1. Upgrade 59-81 mph routes having infrequent trains to 106-112 mph routes and hourly trains from 6am to 8pm. At that faster speed and frequency, enough patrons mode-switch from automobiles to reduce tax subsidy to the route.

2. Upgrade high-traffic 106-112 mph routes to 155-199 mph and trains every 15-30 minutes from 6am to 9pm. At those speeds and frequency, more patrons switch from autos and regional flights to generate significant operating profit for the route.

3. Operating profits repay construction costs in 8-15 years OR help pay for HSR system expansion OR both. Private companies who want to operate passenger trains, often help pay for construction of 186+ mph routes in an established HSR system because they generate the most profits.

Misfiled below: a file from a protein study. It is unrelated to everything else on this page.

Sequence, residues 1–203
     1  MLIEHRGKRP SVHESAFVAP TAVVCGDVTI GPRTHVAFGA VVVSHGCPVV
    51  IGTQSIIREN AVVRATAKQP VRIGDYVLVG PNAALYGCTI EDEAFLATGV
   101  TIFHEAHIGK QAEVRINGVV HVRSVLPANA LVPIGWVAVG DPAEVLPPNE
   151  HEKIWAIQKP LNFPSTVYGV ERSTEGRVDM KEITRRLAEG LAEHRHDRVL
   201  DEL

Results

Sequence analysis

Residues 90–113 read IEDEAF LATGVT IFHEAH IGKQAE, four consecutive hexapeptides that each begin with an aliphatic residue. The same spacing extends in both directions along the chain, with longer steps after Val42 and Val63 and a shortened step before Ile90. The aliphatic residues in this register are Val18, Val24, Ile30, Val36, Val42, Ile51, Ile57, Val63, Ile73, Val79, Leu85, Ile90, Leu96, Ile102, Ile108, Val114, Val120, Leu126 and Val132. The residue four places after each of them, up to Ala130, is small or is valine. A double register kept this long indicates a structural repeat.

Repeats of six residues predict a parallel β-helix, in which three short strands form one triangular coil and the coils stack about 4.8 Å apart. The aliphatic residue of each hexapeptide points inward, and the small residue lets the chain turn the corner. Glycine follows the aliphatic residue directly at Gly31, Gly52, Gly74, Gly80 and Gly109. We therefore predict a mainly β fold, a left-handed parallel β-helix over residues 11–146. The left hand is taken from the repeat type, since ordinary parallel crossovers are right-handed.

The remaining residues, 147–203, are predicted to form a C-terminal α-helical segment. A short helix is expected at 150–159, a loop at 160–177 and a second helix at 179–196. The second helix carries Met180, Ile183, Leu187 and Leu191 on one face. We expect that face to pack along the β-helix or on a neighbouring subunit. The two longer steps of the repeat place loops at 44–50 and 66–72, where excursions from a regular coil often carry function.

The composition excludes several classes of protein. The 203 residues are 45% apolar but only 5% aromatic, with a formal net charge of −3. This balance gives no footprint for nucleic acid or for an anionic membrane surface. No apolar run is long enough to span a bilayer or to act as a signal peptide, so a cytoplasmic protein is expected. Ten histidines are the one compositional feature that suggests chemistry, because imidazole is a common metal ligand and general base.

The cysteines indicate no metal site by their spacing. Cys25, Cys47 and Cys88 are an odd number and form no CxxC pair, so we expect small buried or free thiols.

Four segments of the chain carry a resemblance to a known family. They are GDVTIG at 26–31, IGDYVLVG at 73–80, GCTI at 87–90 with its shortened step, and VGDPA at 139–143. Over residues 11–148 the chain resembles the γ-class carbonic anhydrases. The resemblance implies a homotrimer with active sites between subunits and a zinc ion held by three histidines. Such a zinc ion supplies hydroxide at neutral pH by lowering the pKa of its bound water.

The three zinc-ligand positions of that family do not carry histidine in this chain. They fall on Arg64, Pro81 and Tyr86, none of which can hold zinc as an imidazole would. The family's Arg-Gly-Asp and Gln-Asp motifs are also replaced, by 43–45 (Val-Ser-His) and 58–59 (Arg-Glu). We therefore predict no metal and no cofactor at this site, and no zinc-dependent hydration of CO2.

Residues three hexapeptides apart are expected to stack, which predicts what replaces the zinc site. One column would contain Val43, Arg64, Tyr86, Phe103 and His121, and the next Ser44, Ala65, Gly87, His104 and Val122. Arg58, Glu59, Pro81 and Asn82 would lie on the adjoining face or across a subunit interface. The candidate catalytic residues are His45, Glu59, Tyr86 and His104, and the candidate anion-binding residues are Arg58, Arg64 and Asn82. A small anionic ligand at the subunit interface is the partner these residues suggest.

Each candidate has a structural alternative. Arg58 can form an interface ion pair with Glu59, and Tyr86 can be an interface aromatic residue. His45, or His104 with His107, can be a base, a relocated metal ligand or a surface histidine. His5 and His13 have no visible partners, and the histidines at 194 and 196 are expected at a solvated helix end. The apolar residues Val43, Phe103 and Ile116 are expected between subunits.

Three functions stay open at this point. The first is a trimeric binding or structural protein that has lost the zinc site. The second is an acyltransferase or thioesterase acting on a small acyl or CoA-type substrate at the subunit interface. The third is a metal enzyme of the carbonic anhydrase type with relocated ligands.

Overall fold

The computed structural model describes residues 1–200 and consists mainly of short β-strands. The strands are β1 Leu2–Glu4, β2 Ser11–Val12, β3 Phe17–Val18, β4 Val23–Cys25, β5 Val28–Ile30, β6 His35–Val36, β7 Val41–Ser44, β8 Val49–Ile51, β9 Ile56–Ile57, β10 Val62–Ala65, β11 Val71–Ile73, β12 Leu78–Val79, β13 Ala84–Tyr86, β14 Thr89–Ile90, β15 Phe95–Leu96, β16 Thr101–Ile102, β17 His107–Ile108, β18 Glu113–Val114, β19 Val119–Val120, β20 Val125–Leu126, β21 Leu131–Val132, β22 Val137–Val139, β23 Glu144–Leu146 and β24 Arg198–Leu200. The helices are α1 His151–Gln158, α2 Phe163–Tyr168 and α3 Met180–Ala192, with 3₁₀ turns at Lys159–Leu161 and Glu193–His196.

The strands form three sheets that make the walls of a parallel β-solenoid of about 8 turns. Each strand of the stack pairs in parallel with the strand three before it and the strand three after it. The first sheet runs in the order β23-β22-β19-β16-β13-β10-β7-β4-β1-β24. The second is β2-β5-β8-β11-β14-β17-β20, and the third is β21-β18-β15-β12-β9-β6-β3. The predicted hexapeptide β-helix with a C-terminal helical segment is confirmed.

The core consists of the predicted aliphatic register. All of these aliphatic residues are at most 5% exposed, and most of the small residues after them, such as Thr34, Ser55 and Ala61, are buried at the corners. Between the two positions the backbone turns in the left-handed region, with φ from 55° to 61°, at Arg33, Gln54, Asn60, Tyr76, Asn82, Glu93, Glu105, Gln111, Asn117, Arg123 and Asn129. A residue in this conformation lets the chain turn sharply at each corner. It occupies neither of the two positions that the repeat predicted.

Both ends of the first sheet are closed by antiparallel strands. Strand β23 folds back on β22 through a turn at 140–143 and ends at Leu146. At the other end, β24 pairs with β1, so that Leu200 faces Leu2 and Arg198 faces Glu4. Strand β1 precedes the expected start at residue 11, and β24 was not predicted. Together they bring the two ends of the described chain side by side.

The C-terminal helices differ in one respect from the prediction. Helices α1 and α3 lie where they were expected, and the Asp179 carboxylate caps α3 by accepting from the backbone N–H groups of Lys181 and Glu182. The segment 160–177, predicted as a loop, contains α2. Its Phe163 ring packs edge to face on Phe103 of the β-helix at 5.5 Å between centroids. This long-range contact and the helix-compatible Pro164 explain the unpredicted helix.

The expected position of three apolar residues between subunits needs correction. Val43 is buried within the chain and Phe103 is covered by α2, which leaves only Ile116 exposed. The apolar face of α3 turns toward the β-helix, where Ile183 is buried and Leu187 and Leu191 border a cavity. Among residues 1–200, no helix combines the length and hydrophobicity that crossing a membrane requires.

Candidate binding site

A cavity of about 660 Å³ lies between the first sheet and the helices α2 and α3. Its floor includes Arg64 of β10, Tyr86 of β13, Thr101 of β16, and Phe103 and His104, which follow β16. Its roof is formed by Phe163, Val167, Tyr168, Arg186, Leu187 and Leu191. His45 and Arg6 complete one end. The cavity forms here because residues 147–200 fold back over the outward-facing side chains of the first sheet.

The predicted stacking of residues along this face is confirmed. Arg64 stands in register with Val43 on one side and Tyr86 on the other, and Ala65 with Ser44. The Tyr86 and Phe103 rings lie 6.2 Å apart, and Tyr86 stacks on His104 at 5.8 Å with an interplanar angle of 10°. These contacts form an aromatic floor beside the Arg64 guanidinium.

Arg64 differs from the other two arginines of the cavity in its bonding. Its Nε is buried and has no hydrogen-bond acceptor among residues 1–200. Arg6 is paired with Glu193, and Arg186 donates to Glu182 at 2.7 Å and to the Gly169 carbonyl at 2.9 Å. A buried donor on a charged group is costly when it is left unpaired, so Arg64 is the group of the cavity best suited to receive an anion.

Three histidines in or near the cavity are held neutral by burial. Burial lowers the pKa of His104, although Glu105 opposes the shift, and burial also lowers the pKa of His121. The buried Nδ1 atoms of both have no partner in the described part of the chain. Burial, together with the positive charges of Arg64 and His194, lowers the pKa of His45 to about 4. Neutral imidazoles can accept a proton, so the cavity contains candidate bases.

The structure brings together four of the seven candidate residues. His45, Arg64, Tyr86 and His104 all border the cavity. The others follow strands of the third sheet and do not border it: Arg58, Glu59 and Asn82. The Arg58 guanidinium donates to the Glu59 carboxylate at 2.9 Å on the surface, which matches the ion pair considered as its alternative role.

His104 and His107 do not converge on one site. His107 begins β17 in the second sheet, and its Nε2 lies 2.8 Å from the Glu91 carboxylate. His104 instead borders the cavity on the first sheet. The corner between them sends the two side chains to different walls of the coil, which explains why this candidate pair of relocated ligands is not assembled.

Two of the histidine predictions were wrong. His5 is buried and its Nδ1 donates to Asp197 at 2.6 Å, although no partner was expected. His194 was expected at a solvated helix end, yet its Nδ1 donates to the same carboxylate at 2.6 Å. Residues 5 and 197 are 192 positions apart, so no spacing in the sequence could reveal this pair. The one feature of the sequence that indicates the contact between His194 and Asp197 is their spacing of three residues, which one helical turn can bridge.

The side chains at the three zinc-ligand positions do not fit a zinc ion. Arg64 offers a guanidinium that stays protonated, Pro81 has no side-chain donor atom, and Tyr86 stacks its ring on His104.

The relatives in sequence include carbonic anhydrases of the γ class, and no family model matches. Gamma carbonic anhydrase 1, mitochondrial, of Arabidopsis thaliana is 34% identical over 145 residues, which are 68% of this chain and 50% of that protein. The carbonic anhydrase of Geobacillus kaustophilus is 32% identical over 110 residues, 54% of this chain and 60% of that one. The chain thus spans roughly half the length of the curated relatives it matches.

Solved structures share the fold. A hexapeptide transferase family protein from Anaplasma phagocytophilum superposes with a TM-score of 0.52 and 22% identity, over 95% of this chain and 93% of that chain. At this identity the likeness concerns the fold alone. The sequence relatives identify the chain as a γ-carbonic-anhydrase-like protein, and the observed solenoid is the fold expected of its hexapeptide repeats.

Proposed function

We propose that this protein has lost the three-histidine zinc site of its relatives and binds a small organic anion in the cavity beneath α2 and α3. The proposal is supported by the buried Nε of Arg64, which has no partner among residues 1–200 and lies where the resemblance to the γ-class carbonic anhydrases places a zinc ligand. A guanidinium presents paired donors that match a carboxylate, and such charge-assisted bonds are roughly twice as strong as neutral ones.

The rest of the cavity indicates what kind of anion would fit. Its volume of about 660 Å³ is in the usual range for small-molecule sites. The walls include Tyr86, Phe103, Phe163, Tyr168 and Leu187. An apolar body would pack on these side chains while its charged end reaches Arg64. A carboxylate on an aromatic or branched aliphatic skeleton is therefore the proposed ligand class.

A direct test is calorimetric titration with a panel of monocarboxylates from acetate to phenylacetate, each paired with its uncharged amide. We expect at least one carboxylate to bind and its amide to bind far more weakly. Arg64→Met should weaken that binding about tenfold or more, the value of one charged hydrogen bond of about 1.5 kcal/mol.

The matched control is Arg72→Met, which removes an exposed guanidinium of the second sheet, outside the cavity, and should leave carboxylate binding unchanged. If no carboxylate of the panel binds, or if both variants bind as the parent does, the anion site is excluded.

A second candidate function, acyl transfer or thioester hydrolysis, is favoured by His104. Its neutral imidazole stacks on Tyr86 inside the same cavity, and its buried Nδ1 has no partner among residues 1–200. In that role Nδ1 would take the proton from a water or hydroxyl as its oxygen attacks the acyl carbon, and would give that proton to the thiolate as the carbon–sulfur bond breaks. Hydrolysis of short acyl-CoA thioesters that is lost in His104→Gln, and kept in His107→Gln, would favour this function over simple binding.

Skeptics not tracking Amtrak’s progress might argue that America has developed such a preference for driving and flying that HSR can’t possibly succeed in America because its only been modestly successful in the Boston-NYC-Washington Corridor. What proof points illustrate that international HSR operating principles will succeed elsewhere in America?

The first proof point is the Northeast Corridor hasn’t been upgraded to international standards (HSR-only track) of higher speeds and train frequency, yet operates at a substantial profit transporting 12 million annual passengers. That’s more people than fly between Boston, New York City, Newark, Philadelphia, Baltimore and Washington. Imagine the patronage and profit Acela could achieve with 200 mph trains every 10-15 minutes and a larger train station in NYC.